The Ceremonies of Life
There are two major family milestones I never miss attending: Baptisms and Funerals. The former because they mark arrivals; and the latter, departures.
Of late, however, our Zoom reunions have been mostly departures. In two consecutive weeks, two relatives passed and moved on. The meetings gave me pause. I’m also in the “pre-departure lounge” stage of my life.
“Better put on your best attire for another Zoom tomorrow,” my wife Delia says. I brace myself.
Although the technology (Zoom) has changed, the ceremonies have not, pandemic or no pandemic.
This worldwide crisis, however, made me realize how many of my priorities have changed. For one, I hardly noticed it has been some time ever since I bought myself a new set of clothes or any of the usual material appurtenances. And the wonder is it doesn’t bother me at all. On the contrary, I feel relieved.
Unbeknownst to me, I tapped on one little secret of happiness: Simplicity -- and the formula to attain it: Lessen your demands. None of the habit of compulsive buying anymore. A question before acquiring anything: “Do I really need all that?”
I have also realized how precise were the words of William Wordsworth:
The world is too much with us; late and soon,
Getting and spending, we lay waste our powers . . .
We earned money one day only to spend it the next day. The material world had controlled our lives. We had been cut off from nature, from our loved ones. In fact, I had been too busy I haven’t written back a niece who had been importuning me to share with her some writing advice. What shall I tell her?
Meanwhile, this worldwide cleansing has not only made me recognize that I had been one among the mass of men leading “lives of quiet desperation,” as Henry David Thoreau put it in Walden, but also taught me to cultivate the more essential things like faith, family, and health -- the simple things.
Why simplicity? Because simplicity makes life less complicated. And by that I mean not only outer simplicity but moral, ethical simplicity -- the whole shebang. Take the beauty of truthfulness, for example. The habit of lying, we all have learned, is a cause of many complications that disturb our peace of mind. An ordinary person considers lying as a way to get out of undesirable situations. But in avoiding one problem, we create more serious problems. One lie needs another lie to support it that in the end will be exposed anyway. This effort to keep up falsehoods causes a lot of stress. Keep it simple, man: don’t lie.
I have also realized that in this time of pandemic, nature has provided us with all the little things to continue surviving in a beautiful world. The ocean, the forests, and natural parks are here for us to enjoy and relax. The living air and sunshine have always been here to nourish our bodies. Animals have always been around waiting to comfort us. These natural features while they still exist, considering the rampant abuses we inflict on the environment on a daily basis, are all around us but we do not notice them. Our lives have been cut off from the rhythms of the natural world.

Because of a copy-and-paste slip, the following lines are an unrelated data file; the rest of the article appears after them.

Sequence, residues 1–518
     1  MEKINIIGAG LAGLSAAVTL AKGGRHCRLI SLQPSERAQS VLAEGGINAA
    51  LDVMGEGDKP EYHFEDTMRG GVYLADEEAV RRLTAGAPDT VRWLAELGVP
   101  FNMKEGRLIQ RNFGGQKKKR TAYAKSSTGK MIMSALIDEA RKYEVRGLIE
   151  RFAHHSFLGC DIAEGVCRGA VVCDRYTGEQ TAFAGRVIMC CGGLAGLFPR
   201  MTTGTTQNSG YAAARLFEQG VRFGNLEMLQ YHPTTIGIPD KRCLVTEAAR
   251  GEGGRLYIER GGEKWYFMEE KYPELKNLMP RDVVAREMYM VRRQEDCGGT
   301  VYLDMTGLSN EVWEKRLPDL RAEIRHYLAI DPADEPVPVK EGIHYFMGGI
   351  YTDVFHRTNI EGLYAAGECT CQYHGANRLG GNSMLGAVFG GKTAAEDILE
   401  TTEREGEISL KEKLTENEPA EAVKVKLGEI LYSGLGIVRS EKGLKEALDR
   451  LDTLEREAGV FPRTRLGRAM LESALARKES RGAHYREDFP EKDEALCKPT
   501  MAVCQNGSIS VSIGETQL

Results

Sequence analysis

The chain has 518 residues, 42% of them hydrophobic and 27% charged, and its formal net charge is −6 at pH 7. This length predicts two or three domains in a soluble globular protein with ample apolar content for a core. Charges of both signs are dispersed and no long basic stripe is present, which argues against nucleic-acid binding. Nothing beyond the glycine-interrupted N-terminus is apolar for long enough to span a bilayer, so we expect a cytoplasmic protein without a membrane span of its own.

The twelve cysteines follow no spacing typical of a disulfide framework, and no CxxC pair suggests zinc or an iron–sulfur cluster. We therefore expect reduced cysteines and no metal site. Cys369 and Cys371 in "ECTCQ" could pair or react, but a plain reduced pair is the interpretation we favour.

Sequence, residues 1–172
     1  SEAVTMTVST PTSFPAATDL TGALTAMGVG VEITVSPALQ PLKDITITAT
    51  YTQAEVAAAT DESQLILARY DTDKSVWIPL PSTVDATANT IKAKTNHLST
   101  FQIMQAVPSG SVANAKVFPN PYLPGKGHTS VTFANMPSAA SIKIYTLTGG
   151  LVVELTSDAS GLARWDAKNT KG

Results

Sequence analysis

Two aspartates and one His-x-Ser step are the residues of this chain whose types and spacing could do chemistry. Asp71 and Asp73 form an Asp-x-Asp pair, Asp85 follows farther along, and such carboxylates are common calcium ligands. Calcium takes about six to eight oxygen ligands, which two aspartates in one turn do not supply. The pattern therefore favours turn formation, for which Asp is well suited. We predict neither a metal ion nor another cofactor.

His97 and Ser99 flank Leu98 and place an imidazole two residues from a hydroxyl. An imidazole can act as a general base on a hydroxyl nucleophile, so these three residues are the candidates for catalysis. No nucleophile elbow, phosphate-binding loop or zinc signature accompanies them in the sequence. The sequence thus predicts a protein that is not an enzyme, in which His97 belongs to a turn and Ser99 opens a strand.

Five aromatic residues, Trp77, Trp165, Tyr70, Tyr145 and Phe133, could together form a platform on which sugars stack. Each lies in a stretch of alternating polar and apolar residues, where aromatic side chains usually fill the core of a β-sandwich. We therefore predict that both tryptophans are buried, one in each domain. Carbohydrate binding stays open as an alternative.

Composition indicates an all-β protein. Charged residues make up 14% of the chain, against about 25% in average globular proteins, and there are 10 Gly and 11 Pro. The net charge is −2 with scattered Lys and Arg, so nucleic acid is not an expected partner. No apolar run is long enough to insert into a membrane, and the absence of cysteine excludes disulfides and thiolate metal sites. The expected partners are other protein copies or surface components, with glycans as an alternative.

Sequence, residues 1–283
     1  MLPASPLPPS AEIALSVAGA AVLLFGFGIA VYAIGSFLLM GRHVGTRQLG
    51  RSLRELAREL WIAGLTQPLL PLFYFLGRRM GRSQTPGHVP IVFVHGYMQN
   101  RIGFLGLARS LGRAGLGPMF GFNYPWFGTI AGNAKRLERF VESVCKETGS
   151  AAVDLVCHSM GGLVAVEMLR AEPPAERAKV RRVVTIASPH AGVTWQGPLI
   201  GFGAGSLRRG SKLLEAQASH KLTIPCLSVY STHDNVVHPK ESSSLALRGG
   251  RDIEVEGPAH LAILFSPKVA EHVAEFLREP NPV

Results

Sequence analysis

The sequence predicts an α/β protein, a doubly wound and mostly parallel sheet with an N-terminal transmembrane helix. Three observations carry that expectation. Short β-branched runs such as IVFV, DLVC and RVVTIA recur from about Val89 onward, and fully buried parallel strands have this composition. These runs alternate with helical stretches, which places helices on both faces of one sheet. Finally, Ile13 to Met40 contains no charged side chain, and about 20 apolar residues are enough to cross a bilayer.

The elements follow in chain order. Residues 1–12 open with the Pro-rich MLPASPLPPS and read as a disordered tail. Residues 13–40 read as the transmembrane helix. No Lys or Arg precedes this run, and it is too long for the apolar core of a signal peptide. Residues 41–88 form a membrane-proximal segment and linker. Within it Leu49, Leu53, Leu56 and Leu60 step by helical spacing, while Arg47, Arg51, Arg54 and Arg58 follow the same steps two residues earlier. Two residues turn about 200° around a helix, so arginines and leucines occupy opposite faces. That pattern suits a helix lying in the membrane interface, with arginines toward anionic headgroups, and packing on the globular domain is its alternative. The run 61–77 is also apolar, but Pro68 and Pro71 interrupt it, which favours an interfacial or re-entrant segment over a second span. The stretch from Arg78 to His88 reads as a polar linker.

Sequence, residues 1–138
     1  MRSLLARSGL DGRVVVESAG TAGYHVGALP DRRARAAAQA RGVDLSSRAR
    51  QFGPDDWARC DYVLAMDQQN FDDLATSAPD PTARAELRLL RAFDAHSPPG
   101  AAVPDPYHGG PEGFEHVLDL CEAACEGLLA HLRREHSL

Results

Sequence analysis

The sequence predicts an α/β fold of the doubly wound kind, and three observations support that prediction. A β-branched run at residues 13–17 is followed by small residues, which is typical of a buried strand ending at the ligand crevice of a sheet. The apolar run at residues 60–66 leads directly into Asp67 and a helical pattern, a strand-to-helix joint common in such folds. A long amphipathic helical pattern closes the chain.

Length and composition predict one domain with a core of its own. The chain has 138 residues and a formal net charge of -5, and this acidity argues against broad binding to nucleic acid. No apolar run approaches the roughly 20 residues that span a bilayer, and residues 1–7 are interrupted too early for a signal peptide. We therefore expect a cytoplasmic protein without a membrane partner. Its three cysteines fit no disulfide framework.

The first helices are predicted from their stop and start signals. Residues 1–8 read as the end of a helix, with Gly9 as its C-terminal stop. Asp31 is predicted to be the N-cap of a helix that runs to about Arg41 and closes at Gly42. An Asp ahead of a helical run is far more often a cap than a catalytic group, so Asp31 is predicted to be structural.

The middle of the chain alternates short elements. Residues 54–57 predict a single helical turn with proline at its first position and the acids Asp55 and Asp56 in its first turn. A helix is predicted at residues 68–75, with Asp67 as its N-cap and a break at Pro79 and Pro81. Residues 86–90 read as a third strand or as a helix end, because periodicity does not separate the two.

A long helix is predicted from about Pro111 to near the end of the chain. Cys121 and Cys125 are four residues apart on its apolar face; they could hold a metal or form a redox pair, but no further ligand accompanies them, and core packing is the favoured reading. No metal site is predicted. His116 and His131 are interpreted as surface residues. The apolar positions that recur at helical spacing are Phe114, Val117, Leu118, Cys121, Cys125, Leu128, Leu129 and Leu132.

“Just living is not enough,” wrote Hans Christian Andersen. “One must have sunshine, freedom, and a little flower. These are not luxuries but necessities.
But like I said, the two Zoom reunions have been quite depressing. But what matter. I have come to accept that whatever we do to distract ourselves -- by bread and circuses -- to set ourselves apart from the natural cycle, the process goes on. “All Things Must Pass,” sang George Harrison fifty years ago. Even the monuments of the past, built at the cost of many lives to honor the arrogance of past tyrants, will turn to dust and be blown by the desert wind. The illusion of permanence in a world that is ever changing becomes more obvious as we grow older.
Again, what matter. Everything that lives, dies. Departures are concealed in arrivals. There is no conspiracy against us. It is just the way things are. I suspect that God invented goodbyes so that we can have more hellos.
And to my young niece who asked for writing advice: Just write simply, hija. Good writing is simple writing. You write simply and you write best when you are most yourself -- in love, as the Irish poet Yeats says, and in love with things that vanish.
The lengthening shadows of the afterglow now flood the flooring of the pre departure lounge. I am done with all the check-in requirements. I am with my fellow passengers, lovely souls all, waiting for final boarding announcement.
“By the way, what’s the agenda for the next Zoom conference?”
“A christening. We’re welcoming a new arrival to the Community of Faith.”
The ceremonies of life.